After two years of research, the bones found in a Leicester, England parking lot were determined to be those of the missing King Richard III. However, the bigger surprise is that the DNA analysis casts an uncertain light on the legitimacy to the throne of his descendants.
The bones were found in August 2012 after a team of enthusiastic historians and researchers pinpointed the location of a church demolished in the 16th century that Richard was buried in.
According to the BBC, physical details of the skeleton, as well as location and other information, allowed researchers to assert that the skeleton belonged to the missing king. Researchers then took hours finding a modern day descendant to trace the king’s DNA.
National Geographic reported that while the DNA trace through the maternal line matched that of the living relatives, the genetic details from the paternal side did not. This means infidelity occurred somewhere in the family tree.
According to the BBC, the instance of the female infidelity could have occurred anywhere in the nearly 60-year period separating Richard III from the 5th Duke of Beaufort.
Both Richard III and Henry Tudor (later Henry VIII) were descendants of King Edward III. The infidelity could have occurred in the line leading from Henry to Edward or Richard to Edward. Considering that Henry’s ancestor John of Gaunt, Edward III’s son, was plagued with rumors of illegitimacy throughout his life, the possibility of the break happening within the Tudor line is very real.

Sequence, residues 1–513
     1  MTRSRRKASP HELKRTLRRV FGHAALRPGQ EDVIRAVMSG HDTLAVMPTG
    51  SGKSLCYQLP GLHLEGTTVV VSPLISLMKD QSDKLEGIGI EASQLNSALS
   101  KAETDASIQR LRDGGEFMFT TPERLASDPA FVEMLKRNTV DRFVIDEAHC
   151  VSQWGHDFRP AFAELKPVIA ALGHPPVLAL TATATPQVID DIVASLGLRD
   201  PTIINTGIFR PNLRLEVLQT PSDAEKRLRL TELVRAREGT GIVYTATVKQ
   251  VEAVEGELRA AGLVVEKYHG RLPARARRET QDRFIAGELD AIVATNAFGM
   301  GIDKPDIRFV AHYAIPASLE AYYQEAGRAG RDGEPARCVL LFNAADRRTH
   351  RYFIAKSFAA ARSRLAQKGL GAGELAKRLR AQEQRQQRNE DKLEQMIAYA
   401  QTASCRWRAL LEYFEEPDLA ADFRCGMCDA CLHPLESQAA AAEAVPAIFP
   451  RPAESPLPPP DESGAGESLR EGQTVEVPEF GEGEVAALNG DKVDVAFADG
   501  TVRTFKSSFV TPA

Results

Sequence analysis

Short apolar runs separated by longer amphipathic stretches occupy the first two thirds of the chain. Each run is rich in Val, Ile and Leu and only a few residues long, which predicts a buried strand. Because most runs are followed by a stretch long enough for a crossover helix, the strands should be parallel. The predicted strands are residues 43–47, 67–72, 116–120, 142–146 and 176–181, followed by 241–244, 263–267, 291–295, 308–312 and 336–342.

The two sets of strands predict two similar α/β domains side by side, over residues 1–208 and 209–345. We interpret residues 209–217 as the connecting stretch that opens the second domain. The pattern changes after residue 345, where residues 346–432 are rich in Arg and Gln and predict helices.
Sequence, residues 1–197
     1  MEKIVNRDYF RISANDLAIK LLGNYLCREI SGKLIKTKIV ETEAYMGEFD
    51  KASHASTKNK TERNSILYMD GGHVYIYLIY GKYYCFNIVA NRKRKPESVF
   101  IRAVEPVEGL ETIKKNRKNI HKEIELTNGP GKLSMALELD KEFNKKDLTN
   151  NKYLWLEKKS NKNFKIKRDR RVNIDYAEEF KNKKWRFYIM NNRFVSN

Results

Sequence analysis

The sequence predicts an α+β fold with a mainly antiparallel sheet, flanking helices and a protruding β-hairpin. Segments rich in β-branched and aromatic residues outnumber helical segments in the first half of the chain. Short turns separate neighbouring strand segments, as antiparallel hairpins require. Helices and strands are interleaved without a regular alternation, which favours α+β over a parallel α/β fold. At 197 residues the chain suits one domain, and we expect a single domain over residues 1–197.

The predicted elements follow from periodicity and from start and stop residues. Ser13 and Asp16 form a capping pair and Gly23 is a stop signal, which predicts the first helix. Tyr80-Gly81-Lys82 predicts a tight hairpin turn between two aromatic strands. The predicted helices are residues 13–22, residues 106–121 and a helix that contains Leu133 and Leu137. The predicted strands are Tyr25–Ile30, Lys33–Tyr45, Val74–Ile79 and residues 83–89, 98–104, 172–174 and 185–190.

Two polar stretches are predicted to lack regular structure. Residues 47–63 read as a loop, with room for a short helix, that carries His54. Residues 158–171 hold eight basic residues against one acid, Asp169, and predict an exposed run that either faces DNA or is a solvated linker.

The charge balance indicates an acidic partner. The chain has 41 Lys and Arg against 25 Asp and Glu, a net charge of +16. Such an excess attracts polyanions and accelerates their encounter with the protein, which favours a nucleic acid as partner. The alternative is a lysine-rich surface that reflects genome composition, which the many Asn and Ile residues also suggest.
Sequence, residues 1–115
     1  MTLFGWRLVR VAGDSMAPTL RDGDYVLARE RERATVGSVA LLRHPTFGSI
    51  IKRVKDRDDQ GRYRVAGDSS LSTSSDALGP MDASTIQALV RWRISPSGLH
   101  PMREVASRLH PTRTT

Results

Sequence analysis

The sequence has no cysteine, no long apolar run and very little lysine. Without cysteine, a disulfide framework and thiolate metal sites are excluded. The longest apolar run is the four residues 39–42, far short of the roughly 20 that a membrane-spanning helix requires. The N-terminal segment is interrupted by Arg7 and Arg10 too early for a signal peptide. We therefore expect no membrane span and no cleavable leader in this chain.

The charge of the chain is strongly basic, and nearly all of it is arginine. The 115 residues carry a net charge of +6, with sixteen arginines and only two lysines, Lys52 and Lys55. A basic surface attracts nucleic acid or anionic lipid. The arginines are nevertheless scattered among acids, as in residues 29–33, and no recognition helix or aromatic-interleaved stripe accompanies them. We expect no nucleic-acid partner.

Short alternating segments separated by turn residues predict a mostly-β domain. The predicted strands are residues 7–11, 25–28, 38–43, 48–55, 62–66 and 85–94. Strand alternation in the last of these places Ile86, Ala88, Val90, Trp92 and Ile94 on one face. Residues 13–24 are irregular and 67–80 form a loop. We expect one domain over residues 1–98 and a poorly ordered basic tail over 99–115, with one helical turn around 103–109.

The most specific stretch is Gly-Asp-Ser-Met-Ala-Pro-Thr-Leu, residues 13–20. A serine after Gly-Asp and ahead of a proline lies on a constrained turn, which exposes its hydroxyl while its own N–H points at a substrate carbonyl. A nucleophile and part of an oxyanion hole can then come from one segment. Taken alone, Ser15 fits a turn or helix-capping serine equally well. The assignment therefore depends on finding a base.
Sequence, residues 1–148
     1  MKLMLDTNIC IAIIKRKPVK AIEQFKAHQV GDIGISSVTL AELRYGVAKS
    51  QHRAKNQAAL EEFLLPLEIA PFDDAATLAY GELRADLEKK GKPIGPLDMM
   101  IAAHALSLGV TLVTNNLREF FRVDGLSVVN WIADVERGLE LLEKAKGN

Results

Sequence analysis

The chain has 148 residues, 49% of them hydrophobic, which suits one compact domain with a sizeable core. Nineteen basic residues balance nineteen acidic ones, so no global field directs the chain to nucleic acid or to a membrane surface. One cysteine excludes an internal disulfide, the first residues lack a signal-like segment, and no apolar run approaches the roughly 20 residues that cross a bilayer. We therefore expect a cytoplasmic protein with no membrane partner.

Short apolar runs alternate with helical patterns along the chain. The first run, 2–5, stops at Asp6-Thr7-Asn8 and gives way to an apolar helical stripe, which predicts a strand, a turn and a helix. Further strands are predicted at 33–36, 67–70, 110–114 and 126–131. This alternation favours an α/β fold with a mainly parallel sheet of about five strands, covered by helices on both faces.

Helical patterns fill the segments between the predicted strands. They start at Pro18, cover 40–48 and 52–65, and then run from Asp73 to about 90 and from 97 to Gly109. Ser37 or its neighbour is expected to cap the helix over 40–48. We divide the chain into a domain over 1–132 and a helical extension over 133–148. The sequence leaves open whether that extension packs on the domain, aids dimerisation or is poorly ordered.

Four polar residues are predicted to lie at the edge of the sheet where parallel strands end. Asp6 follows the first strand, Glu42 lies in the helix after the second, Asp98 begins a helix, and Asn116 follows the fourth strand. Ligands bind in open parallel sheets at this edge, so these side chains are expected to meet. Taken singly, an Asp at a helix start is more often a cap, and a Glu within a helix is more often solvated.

Hypothetically, if John of Gaunt was not Edward’s son, it would mean Henry IV had no legitimate claim to the throne – meaning that neither did Henry V or Henry VI. This break means that the legitimacy of the entire Tudor line, and the current Queen of England’s rule, comes into question.
Historians quoted by the BBC have assured the public and reporters that royal succession is impacted by a number of things and that the present day queen’s rule is not threatened since the break most likely happened in the part of the tree that does not affect royal succession.
The Tudor line was plagued by rumors of illegitimacy in its claim to the throne for decades. This new information could suggest some truth to these claims.
Henry Tudor’s ascension to the throne happened when he defeated Richard III in battle, marking the end of the Plantagenet dynasty and the beginning of the Tudor one, which lasted until Queen Elizabeth I died childless in 1603.
Analysis of the discovery as reported by The Wall Street Journal has been published and released. Researchers are 99 percent certain that the bones are that of Richard III. This determination has prompted the former king’s reburial at Leicester Cathedral.
The BBC reports the reburial will be preceded by a week of events culminating in the reburial on March 26, 2015. Two hundred seats will be available to the public, which will be randomly assigned through an online ballot process. The ballot will run from Dec. 12-31 and international applications will be accepted.
Editor’s Note: Information from The BBC, National Geographic and The Wall Street Journal was used in this report.